Overall this was an excellent professional development opportunity for Eric. Congratulations on your selection, we know it was an honor to moderate at the symposium.
UNCG EdD alumni Dr. DeAnne Brooks was recently honored as the recipient of the 2017 HHS Emerging Leader Award. This award recognizes exceptional achievements and significant contributions to the recipient’s profession, community/society or university.
DeAnne is currently an assistant professor at Salem College, where she has developed as a leader in the areas of academia, scholarship, and service. DeAnne was thrilled when she heard that she was chosen for the Emerging Leader Award. She was honored, and she felt this gave her the opportunity to think about how UNCG has played a role in her success. She is thankful for the support of her two doctoral advisors, to Kathy Jamieson and Bill Karper, who she credits with helping her find her professional path. She also had kind words of appreciation for her brilliant, energetic, and ambitious UNCG classmates. She felt very lucky to be part of the UNCG kinesiology department where she completed her doctoral studies in 2010.
DeAnne noted that EdD at UNCG was the perfect degree. As a former youth and collegiate athlete, she pursued her master’s degree in clinical exercise physiology and felt a doctoral degree that allowed her to focus on sociocultural aspects of sport and physical activity was an ideal fit. She discovered her passion of teaching when she taught her first class as a doctoral student at UNCG. She has continued to teach in higher education while also coaching youth, high school and collegiate athletes for over 20 years.
DeAnne stated that she is a huge supporter of the EdD in KIN at UNCG and she thinks the program is thriving! She wished the best for all current and future students.
Congratulations DeAnne on your receiving the award. We look forward to hearing more about your work!
EdD in KIN student Teresa Martilik, a member of the 2015 EdD in Kinesiology cohort presented with her teacher colleague, Megan Smith and her students, Daniel Morel and Zachary Lineberry at the National Special Olympics Unified Conference. This conference targeted Special Olympic staff and educators and focused on inclusive fitness programs for individuals with disabilities.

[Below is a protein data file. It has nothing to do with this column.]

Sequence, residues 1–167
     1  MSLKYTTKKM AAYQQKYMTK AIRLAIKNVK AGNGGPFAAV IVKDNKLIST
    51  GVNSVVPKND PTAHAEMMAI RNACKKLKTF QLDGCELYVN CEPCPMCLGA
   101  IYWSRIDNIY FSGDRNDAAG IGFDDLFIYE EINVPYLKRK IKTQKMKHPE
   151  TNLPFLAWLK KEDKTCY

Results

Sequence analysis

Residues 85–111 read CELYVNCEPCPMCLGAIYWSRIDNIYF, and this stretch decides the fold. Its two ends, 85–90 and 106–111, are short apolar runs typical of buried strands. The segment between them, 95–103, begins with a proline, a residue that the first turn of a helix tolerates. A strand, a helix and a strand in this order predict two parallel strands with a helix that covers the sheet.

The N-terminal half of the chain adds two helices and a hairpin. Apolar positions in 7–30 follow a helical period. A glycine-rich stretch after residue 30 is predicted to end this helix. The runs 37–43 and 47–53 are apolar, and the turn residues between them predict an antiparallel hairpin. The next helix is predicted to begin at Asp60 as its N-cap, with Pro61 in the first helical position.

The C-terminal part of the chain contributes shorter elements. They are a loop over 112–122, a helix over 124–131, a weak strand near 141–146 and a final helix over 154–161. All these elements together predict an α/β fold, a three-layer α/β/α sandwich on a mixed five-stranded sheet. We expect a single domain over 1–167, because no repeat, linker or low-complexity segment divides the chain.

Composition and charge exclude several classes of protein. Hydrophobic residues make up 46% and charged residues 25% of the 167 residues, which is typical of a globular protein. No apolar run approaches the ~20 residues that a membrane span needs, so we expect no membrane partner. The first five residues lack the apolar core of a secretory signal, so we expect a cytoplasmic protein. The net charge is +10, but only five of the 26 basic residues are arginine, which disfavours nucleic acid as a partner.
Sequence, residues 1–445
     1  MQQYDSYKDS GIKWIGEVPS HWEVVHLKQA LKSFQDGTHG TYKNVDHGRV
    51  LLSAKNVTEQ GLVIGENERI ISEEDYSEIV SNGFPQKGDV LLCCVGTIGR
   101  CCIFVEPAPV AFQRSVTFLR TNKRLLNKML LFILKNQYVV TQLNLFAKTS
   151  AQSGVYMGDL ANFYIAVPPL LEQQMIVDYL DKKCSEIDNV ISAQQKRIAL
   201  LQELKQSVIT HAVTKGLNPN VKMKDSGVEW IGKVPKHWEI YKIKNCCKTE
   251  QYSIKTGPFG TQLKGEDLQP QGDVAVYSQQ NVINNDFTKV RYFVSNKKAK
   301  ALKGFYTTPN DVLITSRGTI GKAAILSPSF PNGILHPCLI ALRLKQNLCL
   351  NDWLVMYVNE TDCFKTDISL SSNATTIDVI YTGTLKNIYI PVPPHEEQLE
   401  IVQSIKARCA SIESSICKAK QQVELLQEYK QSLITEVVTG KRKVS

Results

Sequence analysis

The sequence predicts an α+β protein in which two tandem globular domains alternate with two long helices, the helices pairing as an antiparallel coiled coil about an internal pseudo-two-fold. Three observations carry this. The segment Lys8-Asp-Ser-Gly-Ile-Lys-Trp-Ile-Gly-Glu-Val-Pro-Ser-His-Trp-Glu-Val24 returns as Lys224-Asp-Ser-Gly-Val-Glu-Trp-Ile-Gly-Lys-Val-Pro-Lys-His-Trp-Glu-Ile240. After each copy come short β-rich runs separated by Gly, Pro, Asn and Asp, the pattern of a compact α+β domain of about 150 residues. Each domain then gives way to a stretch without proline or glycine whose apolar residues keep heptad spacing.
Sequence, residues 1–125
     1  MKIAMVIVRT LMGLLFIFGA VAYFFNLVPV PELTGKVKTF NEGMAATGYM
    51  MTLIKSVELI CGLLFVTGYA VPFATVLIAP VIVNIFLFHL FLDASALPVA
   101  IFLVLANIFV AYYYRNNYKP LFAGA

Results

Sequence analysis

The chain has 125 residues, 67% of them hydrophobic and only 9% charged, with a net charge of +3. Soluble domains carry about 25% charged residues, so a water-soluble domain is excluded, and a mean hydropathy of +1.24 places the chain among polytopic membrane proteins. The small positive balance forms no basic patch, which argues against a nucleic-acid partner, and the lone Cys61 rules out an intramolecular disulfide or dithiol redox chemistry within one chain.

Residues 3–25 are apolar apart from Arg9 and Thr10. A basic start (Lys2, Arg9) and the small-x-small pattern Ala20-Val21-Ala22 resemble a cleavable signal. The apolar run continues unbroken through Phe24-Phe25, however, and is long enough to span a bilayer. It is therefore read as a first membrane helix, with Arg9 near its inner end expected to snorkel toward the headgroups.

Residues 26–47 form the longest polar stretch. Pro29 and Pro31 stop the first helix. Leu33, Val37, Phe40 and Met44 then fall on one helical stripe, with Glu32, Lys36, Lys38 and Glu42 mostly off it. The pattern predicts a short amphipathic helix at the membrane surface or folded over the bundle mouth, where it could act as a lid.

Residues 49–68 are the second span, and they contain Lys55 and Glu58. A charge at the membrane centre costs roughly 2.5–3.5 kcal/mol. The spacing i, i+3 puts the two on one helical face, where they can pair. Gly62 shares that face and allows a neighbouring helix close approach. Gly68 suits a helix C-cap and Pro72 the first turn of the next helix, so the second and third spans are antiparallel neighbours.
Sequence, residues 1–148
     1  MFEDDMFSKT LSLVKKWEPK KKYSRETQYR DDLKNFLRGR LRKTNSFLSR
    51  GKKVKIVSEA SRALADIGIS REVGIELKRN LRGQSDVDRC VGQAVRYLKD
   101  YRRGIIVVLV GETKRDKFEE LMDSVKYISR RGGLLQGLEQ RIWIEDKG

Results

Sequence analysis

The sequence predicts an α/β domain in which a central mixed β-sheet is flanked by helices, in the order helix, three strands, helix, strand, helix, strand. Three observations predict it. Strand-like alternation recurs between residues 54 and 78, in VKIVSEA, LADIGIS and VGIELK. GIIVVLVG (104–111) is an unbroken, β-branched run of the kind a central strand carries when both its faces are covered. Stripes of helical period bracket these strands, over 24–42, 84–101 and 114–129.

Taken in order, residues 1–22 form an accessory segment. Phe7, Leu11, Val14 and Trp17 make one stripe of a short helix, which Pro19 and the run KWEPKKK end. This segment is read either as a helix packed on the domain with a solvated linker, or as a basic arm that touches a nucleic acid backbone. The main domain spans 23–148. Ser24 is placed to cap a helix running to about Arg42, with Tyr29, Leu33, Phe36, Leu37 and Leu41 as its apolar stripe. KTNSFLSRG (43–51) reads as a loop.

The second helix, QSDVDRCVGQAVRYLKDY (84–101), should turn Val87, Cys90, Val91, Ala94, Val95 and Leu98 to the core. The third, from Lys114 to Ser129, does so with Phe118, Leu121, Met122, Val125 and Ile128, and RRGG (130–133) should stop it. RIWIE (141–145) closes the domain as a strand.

Teresa shared her concern, stating that students with disabilities are not as actively engaged as their peers. Teresa and Megan developed the Fitness Mentorship program at Central High School, that allows students enrolled in Sports Medicine and students enrolled in Special Education to work together to encourage an active and healthy life for students with disabilities.
Students shared their own experience about the Fitness Mentorship class and how they found it beneficial to their health. During the conference, students were connected to other peers and teachers about the mentoring classes and their goal to develop inclusive programs for students with disabilities.
Congratulations to Teresa and her group for their innovative idea!!!
EdD in KIN student Katie Wurst, a member of the 2014 EdD in Kinesiology cohort was recently appointed as the Director of Rugby at Queens University of Charlotte. Her responsibilities are to lead develop both men’s and women’s rugby teams at Queens University.. Katie has almost 15 years of rugby coaching experience at a variety of competition levels. She has coached collegiately as well as for USA Rugby as a coaching course leader and event management staff. Katie is very excited and described this as her dream job, and also noted that she is truly humbled to play a major role in developing a collegiate rugby program at Queens University of Charlotte.